From his spot on the sideline, Valparaiso coach Bill Marshall could see two things.
First, he saw the ball poked out of the hands of LaPorte’s quarterback, bouncing toward midfield. He then saw his 6-foot-5, 250-pound defensive end, Cooper Jones, sprinting toward it.
Marshall knew what was coming next.
“That’s six,” Marshall reflexively told his defensive coordinator through a headset.
They had seen enough sprints in practice to know Jones isn’t an ordinary 6-5, 250-pound athlete. The newly minted Indiana commit is so explosive, he doesn’t run with his fellow linemen. He’s sprints with linebackers, tight ends, and running backs.
No one could pull even with Jones that night, as big No. 11 pulled away like a gazelle over the plain in a 45-0 win over LaPorte.
“I’m getting shivers just thinking about it right now, but the minute he had his hands on that ball, I knew there was no one that was going to catch him,” Marshall said.
It’s not just inherited speed — his dad played d-line at Notre Dame, and his mom was a softball player at IU. But this is also speed Jones earned. Since freshman year, the three-star d-end has speed-trained with a car tire dragging behind him.
“It’s pretty tough, but it works,” said Jones, who picked up that workout from his father Eric. “I felt myself getting faster. It’s not fun while you’re doing it, but you appreciate it afterward.”
The Hoosiers’ second verbal commitment for the 2021 class had offers from Ohio State, Michigan, Iowa, and Purdue for a reason. He’s not only big and strong, the product of good genetics. Jones is also working with a nonstop motor, which he brought with him the moment he stepped on Valparaiso’s campus.
Noticing that killer combination, Marshall had Jones repping with the varsity as a freshman. He took his lumps, facing off against the likes of Ben Scott, a 6-5, 310-pounder who went on to be a preferred walk-on at Purdue. But by the time he was a sophomore, Jones was ready to wreak havoc on the line.
He’s produced seven and six sacks, respectively, in two varsity seasons. Not overwhelming totals. But press play on his game highlights, and it’s apparent statistics don’t tell the full story. Big No. 11 is constantly putting blockers on their heels, using his long arms and quick hands to bull or swim his way into the backfield.
He’s crashing down the line, or chasing down running backs 30 yards downfield. He’s forcing quarterbacks to flee the pocket. He’s all over the field, a man amongst boys, even as a junior in grade.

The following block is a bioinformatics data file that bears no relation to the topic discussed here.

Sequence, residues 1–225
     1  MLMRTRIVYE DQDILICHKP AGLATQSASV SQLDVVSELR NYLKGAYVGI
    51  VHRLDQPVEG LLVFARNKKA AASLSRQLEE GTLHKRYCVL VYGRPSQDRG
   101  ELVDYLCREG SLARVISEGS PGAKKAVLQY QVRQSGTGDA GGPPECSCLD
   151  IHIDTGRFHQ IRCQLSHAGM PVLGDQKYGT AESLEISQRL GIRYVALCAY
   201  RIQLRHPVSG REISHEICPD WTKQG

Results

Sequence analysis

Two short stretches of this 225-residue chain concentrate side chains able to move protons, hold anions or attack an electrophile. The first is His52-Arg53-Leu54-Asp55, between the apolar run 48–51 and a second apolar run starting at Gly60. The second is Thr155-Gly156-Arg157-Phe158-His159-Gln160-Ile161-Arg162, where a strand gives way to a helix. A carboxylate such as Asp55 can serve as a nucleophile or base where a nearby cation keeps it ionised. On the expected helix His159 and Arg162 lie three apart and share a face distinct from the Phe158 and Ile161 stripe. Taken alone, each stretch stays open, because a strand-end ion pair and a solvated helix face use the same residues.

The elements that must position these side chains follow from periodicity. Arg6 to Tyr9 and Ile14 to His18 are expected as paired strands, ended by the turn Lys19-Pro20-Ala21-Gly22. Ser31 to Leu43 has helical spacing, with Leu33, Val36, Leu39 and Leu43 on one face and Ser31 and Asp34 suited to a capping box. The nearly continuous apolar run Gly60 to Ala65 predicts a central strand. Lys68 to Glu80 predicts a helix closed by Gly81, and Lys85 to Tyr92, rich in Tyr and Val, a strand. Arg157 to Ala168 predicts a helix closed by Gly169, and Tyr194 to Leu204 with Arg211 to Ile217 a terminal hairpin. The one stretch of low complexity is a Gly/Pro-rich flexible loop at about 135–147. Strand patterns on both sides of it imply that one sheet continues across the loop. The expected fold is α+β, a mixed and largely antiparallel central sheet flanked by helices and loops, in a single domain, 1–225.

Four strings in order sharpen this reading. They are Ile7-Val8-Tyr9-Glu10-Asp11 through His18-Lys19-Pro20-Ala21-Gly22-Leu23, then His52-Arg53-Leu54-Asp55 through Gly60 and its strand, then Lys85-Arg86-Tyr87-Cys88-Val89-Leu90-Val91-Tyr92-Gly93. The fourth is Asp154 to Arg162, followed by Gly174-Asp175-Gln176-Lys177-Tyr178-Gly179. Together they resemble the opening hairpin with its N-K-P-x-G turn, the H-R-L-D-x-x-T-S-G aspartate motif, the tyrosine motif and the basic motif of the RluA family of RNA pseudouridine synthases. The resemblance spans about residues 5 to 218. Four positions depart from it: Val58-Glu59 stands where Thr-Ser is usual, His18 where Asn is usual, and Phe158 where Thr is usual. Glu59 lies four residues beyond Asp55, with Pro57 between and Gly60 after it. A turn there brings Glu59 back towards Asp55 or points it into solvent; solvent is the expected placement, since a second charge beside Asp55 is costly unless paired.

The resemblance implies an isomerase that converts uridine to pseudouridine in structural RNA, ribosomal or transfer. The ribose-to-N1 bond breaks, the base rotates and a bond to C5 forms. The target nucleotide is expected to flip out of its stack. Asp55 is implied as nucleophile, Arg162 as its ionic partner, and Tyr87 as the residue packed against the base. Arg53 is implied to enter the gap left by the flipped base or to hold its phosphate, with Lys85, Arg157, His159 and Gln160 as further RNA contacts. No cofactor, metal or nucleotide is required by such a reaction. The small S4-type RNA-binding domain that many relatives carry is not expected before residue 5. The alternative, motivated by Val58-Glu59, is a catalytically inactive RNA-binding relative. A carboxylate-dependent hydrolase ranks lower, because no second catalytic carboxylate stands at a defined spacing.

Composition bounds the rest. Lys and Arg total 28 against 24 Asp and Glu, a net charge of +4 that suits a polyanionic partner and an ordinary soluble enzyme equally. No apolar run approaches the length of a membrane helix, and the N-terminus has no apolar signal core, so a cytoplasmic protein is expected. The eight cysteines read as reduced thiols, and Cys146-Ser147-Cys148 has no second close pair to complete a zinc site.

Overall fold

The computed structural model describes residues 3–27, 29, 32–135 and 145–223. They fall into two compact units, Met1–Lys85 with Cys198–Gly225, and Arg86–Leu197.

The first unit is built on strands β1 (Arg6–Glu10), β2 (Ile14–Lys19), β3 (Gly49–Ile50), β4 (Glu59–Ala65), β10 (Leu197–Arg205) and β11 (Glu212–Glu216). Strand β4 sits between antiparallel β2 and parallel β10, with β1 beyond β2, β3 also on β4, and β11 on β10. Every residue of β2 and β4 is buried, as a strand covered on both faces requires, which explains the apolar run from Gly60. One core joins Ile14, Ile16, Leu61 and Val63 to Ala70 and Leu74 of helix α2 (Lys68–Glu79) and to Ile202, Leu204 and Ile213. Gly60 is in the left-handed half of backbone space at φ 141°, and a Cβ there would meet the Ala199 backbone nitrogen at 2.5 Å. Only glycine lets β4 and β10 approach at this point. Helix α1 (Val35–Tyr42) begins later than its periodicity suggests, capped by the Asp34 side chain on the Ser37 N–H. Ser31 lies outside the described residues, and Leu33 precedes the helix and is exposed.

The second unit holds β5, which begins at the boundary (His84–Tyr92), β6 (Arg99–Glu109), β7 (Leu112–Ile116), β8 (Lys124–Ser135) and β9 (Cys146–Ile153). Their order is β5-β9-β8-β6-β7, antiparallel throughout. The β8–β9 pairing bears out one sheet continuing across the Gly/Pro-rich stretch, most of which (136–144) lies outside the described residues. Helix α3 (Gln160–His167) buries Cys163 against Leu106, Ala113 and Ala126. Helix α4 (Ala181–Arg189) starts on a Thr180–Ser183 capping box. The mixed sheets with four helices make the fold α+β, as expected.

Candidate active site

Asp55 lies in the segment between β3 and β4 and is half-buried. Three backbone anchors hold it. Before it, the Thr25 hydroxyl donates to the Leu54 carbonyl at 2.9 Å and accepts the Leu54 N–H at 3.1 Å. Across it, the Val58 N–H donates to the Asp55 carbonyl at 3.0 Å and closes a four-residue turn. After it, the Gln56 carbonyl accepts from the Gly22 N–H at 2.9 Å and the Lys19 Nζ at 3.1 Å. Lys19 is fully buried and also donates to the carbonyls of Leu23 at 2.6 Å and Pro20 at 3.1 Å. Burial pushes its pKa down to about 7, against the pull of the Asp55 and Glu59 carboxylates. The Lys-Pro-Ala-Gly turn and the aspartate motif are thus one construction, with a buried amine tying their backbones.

“The reason stats lie is because teams always did things to make sure Cooper Jones didn’t hurt them,” Marshall said. “And in doing so, Dylan Dingman, our other defensive end, he really reaped the benefits of that (13 sacks). He’s a great player in his own right.
“But even with that, with double teams and chips and things like that, (Jones) still has had two tremendous seasons for us.”
Jones and Dingman were a terrible twosome that helped Valparaiso log eight games of seven or fewer points surrendered in 2019, reaching the Class 5A title game.
While opposing teams have made plans to stop Jones, the Vikings adjusted by moving him all over the defensive line. He has caused problems for offensive tackles, guards, and centers alike. He’s collected 105 tackles in two season, along with seven pass deflections and four fumble recoveries.
“Just the versatility he has to move inside, I think is what also helps sell him,” Marshall said, “because I know in talking with some of those recruiting coordinators and coaches, to be able to go ahead and be an outside rusher and then go ahead on run downs and possibly move him inside, definitely helps with his versatility.”
There is room in Jones’ frame to push toward 270 pounds, given it doesn’t reduce his speed. Along with the commitment of Elkhart’s Rodney McGraw, a 6-5, 233-pound specimen, the Hoosiers are acquiring long, athletic prospects on the edge.
And all three of Tom Allen’s commits for 2021 currently reside in-state, with Bloomington North tight end Aaron Steinfeldt adding his name to the list Friday.
Marshall will vouch for Jones in just about every way. He’s a 4.0 student. On the field, if he picks up a football at the 50 with a full head of steam, he has no doubts in Jones getting to the end zone.
If Jones links up with the right college program, Marshall has no doubts about his ability to run with that opportunity, as well.
“What really sets him apart, other than his size and his physical attributes, is just his motor. He has a continuous motor when he’s on the field, which includes practices, games, and he has just an attitude that’s contagious,” Marshall said. “There’s an excitement about not just life but about football, as well. That’s contagious, and it’s an energy, even when you’re at the end of practice, and you’re doing your conditioning, he doesn’t stop talking. He doesn’t stop motivating. He doesn’t stop leading.”
Jones now feels like he’s found the right person to lead him in the college ranks.
“It’s definitely Coach Allen, everything he believes in, and everything he’s built there,” Jones said. “The culture they have is something I want to be a part of. Just the way he treats everyone, he loves everyone. That’s the motto, LEO (love each other).
“I believe he believes that, that he takes the time to care for each and every one of his players. That’s something I thought highly of, and I thought I could achieve a lot in a system like that.”
(photo courtesy of Kale Wilk, The Times)